Below is a short interview with Jay Pepera – Head of Diversity and Inclusion at Omnicom Media Group – talking about her Abracademy experiences. Thank you for unleashing your magic with us Jay!

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Meet the magician: Sonia Benito

By | Belief, Curiosity, Magicians, What's new?, Wonder

In her own words, there’s more to Sonia Benito than meets the eye. Her work is about movement and magic. Not a combination of skills you come across too often…

We met Sonia through the magic world of course. Specifically via Instagram, where she’s a little bit of a magical star! And since then we’ve worked with her on a couple of projects – with the Wellcome Collection and Royal Museums Greenwich. Both projects involved young people, where Sonia was not only a fantastic guest speaker / magician, but also a superb role model – able to make hard-to-please teenage jaws drop and inspire (we hope) confident future magicians. Ta-dah!

We had a chat with Sonia because we’re always curious to know what brought people to magic and what drives them forward. Here’s the conversation…

Tell us about you and magic…
When I was 13 years old, I saw magic in a little market and I bought a few tricks. I performed them to my family and friends. One of my old teachers at school was a magician and when he found out that I liked magic, he started showing me his tricks. He was doing magic with doves and I love animals. After 2 or 3 years he passed away and another teacher from the school told me that he left a note. It said that he would like me to have all his magic materials. And so I had one of his doves! Then I bought another one and started to perform in villages in Spain. 🕊🕊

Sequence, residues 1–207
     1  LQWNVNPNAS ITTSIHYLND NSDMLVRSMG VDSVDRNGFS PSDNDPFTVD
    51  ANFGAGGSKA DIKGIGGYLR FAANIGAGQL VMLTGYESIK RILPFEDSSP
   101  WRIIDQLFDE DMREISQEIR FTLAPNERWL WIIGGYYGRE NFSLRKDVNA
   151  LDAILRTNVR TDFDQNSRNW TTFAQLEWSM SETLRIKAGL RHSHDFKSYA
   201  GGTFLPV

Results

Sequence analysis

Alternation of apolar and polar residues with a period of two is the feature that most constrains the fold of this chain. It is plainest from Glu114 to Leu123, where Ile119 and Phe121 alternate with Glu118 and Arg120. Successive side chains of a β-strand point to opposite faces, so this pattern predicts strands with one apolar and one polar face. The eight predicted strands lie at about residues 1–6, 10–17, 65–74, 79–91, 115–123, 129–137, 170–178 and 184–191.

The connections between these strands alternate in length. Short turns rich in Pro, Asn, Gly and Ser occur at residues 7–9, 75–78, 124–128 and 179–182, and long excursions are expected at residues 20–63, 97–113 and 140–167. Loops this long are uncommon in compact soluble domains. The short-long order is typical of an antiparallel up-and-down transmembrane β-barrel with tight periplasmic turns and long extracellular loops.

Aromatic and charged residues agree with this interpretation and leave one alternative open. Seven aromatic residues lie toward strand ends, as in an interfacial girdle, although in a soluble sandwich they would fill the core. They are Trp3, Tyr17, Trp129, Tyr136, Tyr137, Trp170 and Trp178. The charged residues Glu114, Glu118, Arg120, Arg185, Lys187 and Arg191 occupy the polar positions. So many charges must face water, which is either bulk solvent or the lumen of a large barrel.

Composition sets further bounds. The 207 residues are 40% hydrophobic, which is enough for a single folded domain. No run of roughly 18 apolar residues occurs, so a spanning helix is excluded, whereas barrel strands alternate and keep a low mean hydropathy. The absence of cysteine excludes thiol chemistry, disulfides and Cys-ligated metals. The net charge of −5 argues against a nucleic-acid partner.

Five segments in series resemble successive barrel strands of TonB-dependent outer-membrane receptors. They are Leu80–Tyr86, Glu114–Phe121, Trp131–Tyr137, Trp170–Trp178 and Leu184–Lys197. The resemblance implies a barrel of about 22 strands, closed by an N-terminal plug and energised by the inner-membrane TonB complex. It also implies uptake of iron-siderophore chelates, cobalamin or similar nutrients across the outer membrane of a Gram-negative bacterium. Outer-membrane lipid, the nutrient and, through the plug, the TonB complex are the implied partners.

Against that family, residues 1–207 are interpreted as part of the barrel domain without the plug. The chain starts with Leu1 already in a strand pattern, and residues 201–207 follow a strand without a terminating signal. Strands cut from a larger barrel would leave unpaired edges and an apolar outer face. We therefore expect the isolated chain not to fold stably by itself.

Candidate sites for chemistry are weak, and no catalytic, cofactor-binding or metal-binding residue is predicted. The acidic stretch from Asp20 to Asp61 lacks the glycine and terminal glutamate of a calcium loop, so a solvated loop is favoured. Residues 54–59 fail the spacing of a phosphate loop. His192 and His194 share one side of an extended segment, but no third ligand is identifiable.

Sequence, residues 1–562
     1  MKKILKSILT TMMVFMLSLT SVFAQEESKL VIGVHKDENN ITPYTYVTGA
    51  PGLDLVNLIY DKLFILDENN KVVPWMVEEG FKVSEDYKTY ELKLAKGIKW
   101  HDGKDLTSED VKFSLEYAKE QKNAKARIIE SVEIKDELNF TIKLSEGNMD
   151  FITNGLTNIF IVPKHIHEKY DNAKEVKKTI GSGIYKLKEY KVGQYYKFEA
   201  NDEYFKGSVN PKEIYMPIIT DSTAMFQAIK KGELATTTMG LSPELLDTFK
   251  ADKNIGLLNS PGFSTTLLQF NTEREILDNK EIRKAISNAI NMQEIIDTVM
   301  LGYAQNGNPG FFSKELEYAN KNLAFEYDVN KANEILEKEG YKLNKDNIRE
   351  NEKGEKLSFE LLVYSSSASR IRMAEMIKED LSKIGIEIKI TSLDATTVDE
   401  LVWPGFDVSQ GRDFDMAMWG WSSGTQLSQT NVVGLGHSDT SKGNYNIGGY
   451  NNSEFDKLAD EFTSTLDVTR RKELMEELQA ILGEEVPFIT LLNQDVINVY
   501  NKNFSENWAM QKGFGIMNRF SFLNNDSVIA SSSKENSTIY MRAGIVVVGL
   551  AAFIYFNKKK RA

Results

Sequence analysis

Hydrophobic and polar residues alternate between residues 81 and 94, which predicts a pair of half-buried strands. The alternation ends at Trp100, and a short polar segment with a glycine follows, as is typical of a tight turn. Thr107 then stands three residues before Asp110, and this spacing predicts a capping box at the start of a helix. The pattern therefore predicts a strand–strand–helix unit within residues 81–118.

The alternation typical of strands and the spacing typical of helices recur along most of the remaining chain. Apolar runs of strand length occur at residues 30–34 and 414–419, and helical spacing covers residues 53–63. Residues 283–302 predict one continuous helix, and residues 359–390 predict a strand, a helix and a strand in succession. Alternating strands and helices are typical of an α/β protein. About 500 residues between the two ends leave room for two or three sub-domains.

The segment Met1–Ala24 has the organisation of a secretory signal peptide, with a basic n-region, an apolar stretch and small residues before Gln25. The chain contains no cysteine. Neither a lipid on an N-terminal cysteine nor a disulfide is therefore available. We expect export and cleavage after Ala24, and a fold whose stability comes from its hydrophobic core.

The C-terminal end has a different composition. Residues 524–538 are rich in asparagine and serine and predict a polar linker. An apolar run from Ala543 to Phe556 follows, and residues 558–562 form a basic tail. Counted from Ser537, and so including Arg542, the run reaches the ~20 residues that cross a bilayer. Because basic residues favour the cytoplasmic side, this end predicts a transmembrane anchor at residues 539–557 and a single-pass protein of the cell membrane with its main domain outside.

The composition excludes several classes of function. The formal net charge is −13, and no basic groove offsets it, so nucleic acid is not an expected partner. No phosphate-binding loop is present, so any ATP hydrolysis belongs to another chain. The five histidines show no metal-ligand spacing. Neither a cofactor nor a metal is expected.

What impact has magic had on you?
It makes me feel unique. I can be myself. It might sound cheesy, but it’s the fact that magic makes people smile and can take them to a world where everything is possible. It makes me super creative to make it my own.

What do you find wonderful in the world?
Art in general. The way we express ourselves. I find life wonderful. The fact of being here and now.

What do you believe in?
I believe in energy and nature. I believe there is no religion apart from the respect we must have for each other to keep the balance.

Abracademy firmly believes the world needs more magic, do you?
The world needs more people who believe in magic! And it needs more art and people who respect, and enjoy it. To let go of your worries for a few seconds and enjoy what is happening in the moment. That it’s okay to feel vulnerable and not know everything (the secret to magic).

Any words of wisdom for future magicians?
Always be yourself. If you enjoy magic, others will enjoy it with you. Remember that the real magic is you – who you are, not what you are. You can do magic with anything! As magic is everywhere 😉

 

There’s a further interview with Sonia in the first issue of our new magical magazine, The World Needs More Magic. If you’d like to receive a special gift copy of that, sign up for our monthly newsletter!

Sonia Benito
Magic and movement

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Find out more about her on her website